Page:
3. the cultural theoretical account, which emphasises instead the cultural facets of citizenship, as the common lineage and the sharing of a common linguistic communication. Being German, for case, has ne’er been associated purely with a impression of district, as Article 116 of the Federal Constitution refused the acknowledgment of a separate West German citizenship and the jurisprudence of 1913 on nationality remained in force.

The first two theoretical accounts correspond to two major paradigms of societal integrating in Europe: the Gallic or Continental “Republican” one, based on the acknowledgment of equality on an single footing, that is, with no institutional acknowledgment of minorities and a British ( and, besides Norse and Dutch ) “Communitarian” and “Multi-culturalist” paradigm, based on the acknowledgment of corporate rights of the assorted cultural minorities. ( Schnapper, D. 1994 ; Weil, Crowley 1994 ; Costa-Lacoux 1990, pp 26 ff ) .

Still, in recent old ages many administrations ( e.g. , the Runnymede Trust, the Joint Council for the Welfare of Immigrants, the Group Whose Europe? ) promote the construct of the province ‘s responsibility to guarantee equal protection to all occupants, disassociating wholly rights from nationality. This theoretical account of citizenship based on abode and non on nationality seems to be the most suited reply to the new status, in which dual force per unit area is exerted on the traditional construct of national sovereignty, both by the outgrowth of multinational entities, like the European Union and by the more general tendencies of globalisation ( see Wolfe, 1995 ) .

Unfortunately, this does non look to be the prevalent theoretical account. It is true that as the procedure of the European fusion is going dominant, in-migration policies are progressively taken at the supra-national degree. However, the abolishment of the internal boundary lines of the European Union is attendant with a push of restrictive statute law and constabulary controls at the external boundary lines, whereas the equality of intervention of 3rd state subjects is non ever ensured. In the confines of this article we shall analyze, in the first subdivision, the new ordinance of refuge and in-migration in Europe and, in the 2nd subdivision, the legal protection and rights of aliens in the host states.

A. Policies on Asylum and Immigration.

  1. Policies at the European degree.

i. European Union.

The European Court of Justice ( ECJ ) held ( see the Joined Cases 281, 283-285, 287/85 Germany and others v Commission [ 1987 ] ECR 3203 ) that, in rule, migration policy falls within the range of European Social Policy, to the extent that it concerns the state of affairs of non-national workers and its impact upon the employment market. Furthermore, since the Single European Act and the new Article 8A of the Treaty of Rome ( californium. besides Art. 3c, 7 and 48-66 EC ; for a farther treatment see 2.i below ) the declared aim of the EC was to make an country in which non merely the free motion of goods, capital and services would be insured, but besides that of individuals ( see Regulations 1612/68, 1271/70, 1408/71, 574/72, 13/90 ) .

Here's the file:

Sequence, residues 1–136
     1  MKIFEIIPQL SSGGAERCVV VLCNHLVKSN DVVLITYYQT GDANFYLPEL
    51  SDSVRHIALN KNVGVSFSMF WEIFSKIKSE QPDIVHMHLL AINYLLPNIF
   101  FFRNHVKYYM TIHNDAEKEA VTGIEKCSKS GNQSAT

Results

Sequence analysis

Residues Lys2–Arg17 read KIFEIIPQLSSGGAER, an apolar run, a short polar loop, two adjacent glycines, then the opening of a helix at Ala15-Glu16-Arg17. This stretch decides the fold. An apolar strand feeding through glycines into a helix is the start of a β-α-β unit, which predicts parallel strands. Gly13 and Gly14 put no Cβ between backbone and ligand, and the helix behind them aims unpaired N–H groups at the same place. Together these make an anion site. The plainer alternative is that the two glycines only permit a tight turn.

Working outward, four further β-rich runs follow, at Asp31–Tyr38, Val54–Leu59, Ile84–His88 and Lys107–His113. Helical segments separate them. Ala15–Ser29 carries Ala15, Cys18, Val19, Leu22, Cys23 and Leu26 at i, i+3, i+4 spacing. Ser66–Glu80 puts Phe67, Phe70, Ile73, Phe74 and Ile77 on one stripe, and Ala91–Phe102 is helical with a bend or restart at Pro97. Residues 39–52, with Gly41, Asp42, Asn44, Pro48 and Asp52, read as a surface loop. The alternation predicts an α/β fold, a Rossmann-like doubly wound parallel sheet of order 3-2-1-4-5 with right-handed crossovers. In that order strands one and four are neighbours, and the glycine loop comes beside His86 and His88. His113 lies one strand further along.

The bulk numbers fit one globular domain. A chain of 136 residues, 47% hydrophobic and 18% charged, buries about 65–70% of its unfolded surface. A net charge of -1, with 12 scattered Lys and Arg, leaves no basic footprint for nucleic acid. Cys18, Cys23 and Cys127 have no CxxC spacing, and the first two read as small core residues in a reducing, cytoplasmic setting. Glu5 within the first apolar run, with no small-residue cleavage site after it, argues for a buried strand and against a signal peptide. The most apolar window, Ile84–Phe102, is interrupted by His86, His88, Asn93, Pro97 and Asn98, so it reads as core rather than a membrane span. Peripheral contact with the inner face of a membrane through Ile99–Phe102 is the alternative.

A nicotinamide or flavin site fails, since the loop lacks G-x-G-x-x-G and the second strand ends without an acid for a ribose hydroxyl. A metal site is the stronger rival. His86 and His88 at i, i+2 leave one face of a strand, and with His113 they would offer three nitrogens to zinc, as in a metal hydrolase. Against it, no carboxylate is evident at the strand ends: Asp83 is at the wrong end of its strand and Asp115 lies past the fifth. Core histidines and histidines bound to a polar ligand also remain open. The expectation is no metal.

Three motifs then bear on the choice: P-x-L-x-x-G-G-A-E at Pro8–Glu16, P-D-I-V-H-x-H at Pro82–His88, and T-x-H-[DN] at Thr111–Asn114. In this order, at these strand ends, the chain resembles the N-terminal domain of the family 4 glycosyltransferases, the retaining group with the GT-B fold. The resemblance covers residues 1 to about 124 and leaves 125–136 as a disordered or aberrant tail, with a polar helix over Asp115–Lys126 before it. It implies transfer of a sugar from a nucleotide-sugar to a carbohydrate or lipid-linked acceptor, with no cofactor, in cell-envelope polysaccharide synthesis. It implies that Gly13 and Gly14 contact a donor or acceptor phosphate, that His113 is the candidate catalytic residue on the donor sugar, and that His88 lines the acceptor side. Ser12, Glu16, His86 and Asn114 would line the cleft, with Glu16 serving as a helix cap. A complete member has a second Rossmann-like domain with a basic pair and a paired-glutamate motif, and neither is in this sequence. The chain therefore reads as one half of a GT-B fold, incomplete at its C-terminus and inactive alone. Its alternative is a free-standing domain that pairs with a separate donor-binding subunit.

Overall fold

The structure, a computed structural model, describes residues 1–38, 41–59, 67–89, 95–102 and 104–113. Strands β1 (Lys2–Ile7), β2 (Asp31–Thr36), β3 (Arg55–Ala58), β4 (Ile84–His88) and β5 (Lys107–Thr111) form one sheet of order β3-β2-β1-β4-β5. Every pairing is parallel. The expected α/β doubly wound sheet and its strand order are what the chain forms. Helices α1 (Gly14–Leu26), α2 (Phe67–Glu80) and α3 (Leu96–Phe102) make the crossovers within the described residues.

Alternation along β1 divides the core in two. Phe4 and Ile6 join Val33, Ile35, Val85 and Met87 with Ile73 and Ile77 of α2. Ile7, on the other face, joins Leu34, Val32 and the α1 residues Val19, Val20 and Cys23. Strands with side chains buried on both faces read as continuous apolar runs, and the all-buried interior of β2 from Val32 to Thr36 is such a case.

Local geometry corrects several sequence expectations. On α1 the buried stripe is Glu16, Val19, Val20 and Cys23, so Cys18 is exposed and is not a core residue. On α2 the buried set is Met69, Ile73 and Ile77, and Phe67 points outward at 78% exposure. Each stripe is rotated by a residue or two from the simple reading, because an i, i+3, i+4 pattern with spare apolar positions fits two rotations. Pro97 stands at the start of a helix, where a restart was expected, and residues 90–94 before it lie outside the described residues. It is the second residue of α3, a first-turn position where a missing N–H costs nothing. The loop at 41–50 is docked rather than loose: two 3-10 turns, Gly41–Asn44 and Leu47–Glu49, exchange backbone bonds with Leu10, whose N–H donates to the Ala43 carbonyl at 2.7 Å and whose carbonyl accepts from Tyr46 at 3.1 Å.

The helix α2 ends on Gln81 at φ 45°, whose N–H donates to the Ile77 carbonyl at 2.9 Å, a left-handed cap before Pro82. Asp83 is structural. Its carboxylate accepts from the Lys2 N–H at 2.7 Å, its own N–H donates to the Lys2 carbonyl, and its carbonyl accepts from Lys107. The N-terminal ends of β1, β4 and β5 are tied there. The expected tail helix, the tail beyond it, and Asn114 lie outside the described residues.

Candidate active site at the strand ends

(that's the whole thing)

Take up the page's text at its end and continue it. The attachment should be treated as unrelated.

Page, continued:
However, the moderation of frontier controls has been invariably opposed by Britain ( Gordon, 1989, pp 6ff ) , on the land that, without them it would non be possible to observe illegal or unwanted immigrants ( See the Report of the Parliamentary Home Affairs Committee Passport Control, HC 247, HMSO 1987 ) As Mrs Thatcher stated in an interview with the Daily Mail ( 18 May 1989 ) “we joined Europe to hold free motion of goods… non to hold free motion of terrorists, felons, drugs, works and animate being diseases and hydrophobias and illegal immigrants” .

Despite the frights of Mrs Thatcher, the Single Market did non hold considerable reverberations in the motion of immigrants, neither did it increase inter-European in-migration. Actually, the internal migration within the EU is either dead or dropping, the exclusion being highly specialised employees. For case, in Federal Republic of Germany, the biggest response state, the per centum of EC national immigrants has dropped from 1980 to 1992 by 33 % , whereas the lone group that had an addition of 15 % are the alumnus employees ( See Werner, 1994, p 161, table 5 ) . So, the large issue is in-migration from the less developed South and East, from the 3rd and “fourth world” ( the former socialist states ) .

The ground for that is simple: As most of the states of the Union have approximately equal degrees of development, any intra-EU labour migration does non offer considerable advantages. ( With respect to the divergency of GDP per capita, the standard divergence in the Union dropped from 36.6 in 1960 ‘s and 29.1 in the 1970 ‘s to 2.4 in the 1980 ‘s and 23.8 in 1993, despite the add-on of Greece, Spain and Portugal. See Werner, 1994, pp 160 & A ; 152 ff ) . Furthermore, in the late 1960 ‘s and 1970 ‘s the in-migration of low skilled migratory workers ( by far the most legion moving ridge of immigrants ) filled up the great deficits at the lower terminal of labour market. In the 1990 ‘s, on the contrary, the economic state of affairs is radically different: non merely is unemployment for the least qualified workers really high, even among subjects of the [ Member States ] , but moreover the restructuring of the economic system has increased the demand for extremely qualified and skilled forces.